Martins Kazaks, a member of the European Central Bank’s Governing Council, rejects investors’ bets that the ECB will cut interest rates later this year, saying a deep recession would be needed to reduce borrowing costs.
Money markets expect the ECB to raise the rate it pays on bank deposits by almost 150 basis points by the summer, before reversing at the end of 2023 and next year, which would likely imply a slowdown in growth and inflation.
However, Kazaks told Reuters he saw no “raison d’être” for it and that rates should continue to rise to curb inflation, which in the euro zone is almost five times above the ECB’s 2 percent target.
“It would take a deep recession with a considerable increase in unemployment for inflation to sink and thus put downward pressure on rates,” the Latvian central bank governor said in an interview. “But that’s not likely, given the current macroeconomic outlook.”
Kazaks, widely seen as a supporter of aggressive monetary policy, added that rates should rise “into restrictive territory,” a loosely defined level holding back economic growth that most economists consider above the current rate of 2 percent.
Euro zone inflation fell to 9.2% last month, largely thanks to lower energy prices and a one-off subsidy in Germany, but underlying price pressures continued to rise.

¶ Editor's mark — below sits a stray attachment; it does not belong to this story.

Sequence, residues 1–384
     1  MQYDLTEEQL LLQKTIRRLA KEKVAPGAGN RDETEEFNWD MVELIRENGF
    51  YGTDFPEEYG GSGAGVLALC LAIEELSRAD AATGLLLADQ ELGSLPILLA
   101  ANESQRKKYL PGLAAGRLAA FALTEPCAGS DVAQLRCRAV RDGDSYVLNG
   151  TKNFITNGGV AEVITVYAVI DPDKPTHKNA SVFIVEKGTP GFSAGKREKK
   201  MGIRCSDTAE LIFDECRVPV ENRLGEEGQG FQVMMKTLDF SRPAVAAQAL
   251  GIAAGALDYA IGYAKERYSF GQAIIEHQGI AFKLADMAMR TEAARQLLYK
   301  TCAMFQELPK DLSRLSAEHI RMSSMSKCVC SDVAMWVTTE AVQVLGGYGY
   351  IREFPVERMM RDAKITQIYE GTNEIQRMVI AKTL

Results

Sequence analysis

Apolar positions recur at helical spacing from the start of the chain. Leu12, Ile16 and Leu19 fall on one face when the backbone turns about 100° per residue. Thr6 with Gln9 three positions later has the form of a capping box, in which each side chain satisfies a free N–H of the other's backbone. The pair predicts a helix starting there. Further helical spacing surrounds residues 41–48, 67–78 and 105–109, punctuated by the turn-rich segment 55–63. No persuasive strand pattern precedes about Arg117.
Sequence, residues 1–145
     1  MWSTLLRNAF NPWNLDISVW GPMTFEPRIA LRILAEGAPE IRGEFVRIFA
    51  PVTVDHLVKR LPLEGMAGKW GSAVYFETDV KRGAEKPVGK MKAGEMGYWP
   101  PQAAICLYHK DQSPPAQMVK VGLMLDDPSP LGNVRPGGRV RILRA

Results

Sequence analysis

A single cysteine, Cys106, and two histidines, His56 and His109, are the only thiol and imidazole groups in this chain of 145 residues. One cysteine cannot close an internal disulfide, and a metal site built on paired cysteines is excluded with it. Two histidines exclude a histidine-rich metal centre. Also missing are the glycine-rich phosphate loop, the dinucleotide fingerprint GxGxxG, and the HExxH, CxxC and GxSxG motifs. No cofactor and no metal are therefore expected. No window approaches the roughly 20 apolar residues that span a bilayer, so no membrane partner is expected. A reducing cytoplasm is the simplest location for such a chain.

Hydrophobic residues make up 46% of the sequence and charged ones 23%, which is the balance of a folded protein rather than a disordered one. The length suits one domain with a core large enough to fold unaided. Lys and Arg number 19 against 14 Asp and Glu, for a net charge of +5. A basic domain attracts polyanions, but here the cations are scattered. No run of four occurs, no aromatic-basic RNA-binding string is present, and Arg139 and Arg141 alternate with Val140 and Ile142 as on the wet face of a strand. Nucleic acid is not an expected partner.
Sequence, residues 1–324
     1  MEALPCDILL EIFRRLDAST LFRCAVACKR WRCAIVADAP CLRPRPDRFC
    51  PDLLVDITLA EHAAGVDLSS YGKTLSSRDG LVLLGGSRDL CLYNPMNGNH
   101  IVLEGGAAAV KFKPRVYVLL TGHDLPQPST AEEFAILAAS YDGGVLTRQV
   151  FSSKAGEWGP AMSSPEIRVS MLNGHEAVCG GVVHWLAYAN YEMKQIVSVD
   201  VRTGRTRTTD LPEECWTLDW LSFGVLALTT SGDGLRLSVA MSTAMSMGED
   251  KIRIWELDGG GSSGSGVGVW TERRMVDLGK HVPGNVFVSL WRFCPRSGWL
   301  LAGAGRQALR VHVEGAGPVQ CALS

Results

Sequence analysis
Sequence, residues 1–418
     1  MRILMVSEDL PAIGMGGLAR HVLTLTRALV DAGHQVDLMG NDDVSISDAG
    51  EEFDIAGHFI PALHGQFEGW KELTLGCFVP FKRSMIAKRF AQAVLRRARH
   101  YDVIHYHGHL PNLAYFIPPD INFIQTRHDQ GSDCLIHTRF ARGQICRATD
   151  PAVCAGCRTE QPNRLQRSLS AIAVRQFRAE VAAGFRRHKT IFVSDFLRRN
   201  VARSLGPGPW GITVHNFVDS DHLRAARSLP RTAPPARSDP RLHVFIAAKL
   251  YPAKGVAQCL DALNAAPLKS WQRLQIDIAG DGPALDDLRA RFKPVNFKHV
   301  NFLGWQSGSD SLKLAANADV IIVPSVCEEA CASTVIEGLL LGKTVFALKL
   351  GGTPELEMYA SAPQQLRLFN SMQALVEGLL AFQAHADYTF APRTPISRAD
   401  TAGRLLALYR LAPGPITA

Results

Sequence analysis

Kazaks said core inflation, which excludes food and energy, is the measure to be monitored.
“Core inflation is likely to continue to rise even though headline inflation is falling, for example due to swings in energy prices,” he said. “In my view, core inflation is currently a key indicator of inflation persistence and policy decisions.”
He declined to comment on the level at which rates should peak.
“The uncertainty is too high, and we will find it step by step,” he said.
The head of the Finnish central bank, Olli Rehn, as well as that of the Spanish central bank, Pablo Hernández de Dos, have also asked the ECB to raise rates “significantly” at its next meetings.
However, his Portuguese counterpart, Mario Centeno, has said the climbs are nearing their end.
Last month, the ECB slowed its interest rate hikes from 75 to 50 basis points, but announced more hikes of the same magnitude.
Since that meeting, speculation has grown about a slowdown in the pace of tightening as inflation slows in the euro zone and the United States.